It never ceases to amaze us how far co-dependent parents will go to protect their child from the reality of college life challenges.

One young man who recently came to us for help because he was struggling to meet expectations (i.e., submitting monthly reports, generating narratives to describe sales calls, etc.) in a job he secured with a Fortune 500 Technology Company after graduation.  As it turns out, these were demands he never really had to face at college.  “I never wrote one paper at college.  I would send the syllabus or the rubric for an assignment to my Mom who would do the whole thing and send it back to me to give to my professor!”

Co-Dependency Starts Young

Most parents sense that this degree of co-dependency is wrong but persist because the pattern is deeply ingrained.

Oftentimes, it developed years earlier in elementary or middle school.  Nagging about homework.  Making flash cards for their child to use to study for exams.  Obsessive editing of papers and essays.  Doing the homework.  Eliminating chores.  Tolerating underage drinking or drug use.  Minimizing problems.  Blaming the teachers.  Providing rewards for doing the basics.

Once this pattern is established, it can grow ugly in high school.  The child oftentimes is dependent upon a nag or a reminder to get things done, yet becomes resentful, disrespectful, and manipulative when they get one:  “Quit nagging me!  I’ll get it done!  Why don’t you trust me?”

Such interchanges can put parents back on their heels:  “Damned if they do” (having to tolerate an “attitude” brimming with anger, intensity and negativity” or “Damned if they don’t” (fear of their child failing, losing opportunities, and not experiencing success).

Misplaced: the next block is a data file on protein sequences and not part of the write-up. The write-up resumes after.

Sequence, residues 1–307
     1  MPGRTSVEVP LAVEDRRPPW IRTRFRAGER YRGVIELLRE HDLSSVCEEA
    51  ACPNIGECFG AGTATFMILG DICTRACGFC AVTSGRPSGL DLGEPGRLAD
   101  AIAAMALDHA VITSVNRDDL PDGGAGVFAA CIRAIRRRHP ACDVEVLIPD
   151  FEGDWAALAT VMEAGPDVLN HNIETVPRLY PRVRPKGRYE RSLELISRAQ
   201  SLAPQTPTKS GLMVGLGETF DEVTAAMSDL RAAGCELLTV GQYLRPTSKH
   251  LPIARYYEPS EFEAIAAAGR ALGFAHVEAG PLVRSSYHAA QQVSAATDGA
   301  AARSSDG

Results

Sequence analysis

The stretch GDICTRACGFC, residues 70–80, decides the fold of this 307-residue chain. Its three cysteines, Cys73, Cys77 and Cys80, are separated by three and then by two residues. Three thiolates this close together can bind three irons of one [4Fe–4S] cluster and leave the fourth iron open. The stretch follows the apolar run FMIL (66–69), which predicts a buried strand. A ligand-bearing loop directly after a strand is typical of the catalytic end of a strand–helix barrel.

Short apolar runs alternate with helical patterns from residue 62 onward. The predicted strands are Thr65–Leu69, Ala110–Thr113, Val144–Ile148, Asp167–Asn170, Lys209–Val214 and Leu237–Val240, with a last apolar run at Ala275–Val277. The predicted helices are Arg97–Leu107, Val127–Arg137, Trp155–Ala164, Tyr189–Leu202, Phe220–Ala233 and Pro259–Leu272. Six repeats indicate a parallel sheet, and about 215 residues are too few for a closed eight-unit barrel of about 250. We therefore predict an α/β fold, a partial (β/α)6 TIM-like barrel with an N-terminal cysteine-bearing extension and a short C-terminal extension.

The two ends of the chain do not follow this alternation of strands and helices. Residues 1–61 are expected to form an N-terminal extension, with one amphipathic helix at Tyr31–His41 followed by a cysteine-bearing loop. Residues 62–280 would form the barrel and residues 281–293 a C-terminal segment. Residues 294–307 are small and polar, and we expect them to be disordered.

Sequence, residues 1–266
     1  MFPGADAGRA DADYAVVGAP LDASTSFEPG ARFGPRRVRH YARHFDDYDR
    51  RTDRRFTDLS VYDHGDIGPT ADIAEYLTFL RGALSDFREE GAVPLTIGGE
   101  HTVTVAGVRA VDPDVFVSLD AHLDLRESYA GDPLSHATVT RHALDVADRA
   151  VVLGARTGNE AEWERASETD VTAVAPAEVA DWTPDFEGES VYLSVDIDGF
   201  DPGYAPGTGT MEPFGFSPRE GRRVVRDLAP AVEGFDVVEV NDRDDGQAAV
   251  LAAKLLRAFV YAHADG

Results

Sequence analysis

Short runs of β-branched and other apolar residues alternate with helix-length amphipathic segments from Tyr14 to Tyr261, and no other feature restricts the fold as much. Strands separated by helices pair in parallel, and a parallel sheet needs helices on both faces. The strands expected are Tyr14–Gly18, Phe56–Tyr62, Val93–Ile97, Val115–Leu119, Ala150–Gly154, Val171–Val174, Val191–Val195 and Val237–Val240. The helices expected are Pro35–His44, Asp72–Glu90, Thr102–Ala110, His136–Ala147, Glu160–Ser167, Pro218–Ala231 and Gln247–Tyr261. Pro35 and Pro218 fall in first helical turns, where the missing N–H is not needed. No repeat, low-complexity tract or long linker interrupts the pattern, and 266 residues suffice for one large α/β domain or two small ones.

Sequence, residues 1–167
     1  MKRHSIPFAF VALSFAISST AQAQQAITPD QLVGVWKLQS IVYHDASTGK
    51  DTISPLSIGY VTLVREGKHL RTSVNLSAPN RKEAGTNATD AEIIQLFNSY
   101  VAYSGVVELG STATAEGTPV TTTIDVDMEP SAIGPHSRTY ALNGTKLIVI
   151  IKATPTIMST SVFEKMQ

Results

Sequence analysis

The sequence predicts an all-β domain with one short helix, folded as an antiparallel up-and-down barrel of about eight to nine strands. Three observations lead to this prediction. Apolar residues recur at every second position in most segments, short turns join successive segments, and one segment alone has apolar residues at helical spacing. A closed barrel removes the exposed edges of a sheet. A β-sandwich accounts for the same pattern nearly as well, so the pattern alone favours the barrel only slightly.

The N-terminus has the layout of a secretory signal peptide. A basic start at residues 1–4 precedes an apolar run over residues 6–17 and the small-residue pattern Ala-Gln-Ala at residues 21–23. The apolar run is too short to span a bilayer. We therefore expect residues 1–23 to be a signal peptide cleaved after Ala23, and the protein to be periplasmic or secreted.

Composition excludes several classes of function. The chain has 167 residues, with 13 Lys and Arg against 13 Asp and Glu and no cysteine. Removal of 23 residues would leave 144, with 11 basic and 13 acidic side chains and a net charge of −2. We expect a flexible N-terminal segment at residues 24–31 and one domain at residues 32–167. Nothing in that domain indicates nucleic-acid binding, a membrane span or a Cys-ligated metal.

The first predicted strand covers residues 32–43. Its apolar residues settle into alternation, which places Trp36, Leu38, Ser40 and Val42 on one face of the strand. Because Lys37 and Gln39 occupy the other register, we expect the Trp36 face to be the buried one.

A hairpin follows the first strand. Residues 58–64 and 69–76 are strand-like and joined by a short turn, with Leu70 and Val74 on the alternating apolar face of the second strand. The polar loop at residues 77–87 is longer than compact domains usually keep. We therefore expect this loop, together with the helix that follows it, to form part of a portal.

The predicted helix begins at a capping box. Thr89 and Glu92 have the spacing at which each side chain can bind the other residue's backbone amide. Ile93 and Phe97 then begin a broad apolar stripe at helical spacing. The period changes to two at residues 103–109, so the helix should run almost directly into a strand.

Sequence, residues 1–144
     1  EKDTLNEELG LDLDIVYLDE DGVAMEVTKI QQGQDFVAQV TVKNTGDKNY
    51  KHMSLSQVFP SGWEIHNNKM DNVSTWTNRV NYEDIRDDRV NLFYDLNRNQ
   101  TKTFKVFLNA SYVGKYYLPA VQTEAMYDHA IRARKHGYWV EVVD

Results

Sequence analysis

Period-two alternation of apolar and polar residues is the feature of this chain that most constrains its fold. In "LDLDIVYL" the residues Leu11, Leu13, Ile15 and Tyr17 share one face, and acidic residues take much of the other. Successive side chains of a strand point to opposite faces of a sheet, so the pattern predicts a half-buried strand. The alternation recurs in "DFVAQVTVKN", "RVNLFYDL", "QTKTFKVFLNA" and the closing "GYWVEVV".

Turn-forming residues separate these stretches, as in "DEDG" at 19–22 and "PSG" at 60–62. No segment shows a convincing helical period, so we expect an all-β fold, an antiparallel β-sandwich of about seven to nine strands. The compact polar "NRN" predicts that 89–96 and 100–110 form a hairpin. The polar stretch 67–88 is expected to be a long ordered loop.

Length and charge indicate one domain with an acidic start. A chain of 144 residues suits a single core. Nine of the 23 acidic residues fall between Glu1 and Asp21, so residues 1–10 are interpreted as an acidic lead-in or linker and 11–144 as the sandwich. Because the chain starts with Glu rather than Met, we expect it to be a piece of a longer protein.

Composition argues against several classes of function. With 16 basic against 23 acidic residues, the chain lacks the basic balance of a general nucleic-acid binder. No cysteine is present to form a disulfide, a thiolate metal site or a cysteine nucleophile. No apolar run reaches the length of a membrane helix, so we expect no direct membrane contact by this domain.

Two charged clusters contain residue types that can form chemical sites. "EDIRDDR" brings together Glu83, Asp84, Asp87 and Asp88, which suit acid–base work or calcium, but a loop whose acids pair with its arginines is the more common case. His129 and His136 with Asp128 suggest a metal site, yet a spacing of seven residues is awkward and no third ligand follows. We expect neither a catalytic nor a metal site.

Co-Dependency at College

image via Flickr, Jose Kevo

image via Flickr, Jose Kevo

When college comes along, it all gets magnified.  Parents can justify their enabling behaviors because they are only “rightfully” protecting their financial investment!

As parents, the forces behind enabling/co-dependent behavior are particularly powerful…love, protection, empathy, fear, sensitivity, sacrifice, and guilt.  So powerful, in fact, that they can sabotage all the positive things parents can do to promote their child’s independence and chances for success.

Here are some of the things they can do to trip parents up:

  • — Interfere with their ability to take an honest look at their child’s strengths and weaknesses
  • — Make them feel defensive when their child fails to meet an expectation
  • — Blind them to their child’s role in his difficulties
  • — Lead them to do for their child rather than support him to do for himself
  • — Inhibit them from imposing necessary and appropriate consequences
  • — Encourage them to blame others when things do not go smoothly
  • — Act as a barrier that prevents them from allowing their child to take on ever increasing responsibilities for himself

Because co-dependency is so common (particularly in parents of children with ADD/ADHD) and it can be a critical barrier to success at college, we encourage parents to examine their enabling tendencies before and during their child’s college years.  In our new book, Accommodations for Success we have a simple survey called “First Things First” that can help parents assess their enabling tendencies.  Check it out!  Be honest and see where you stand!  “What’s you enabling quotient?”

How to Facilitate Independence

image via Flickr, MeganLynnette

image via Flickr, MeganLynnette

Sometimes, just being more aware of enabling tendencies helps parents reduce or control them.  However, when enabling tendencies interfere with a parent’s ability to develop and /or follow through with doing the right things to promote their child’s success parents may need to reach out for help.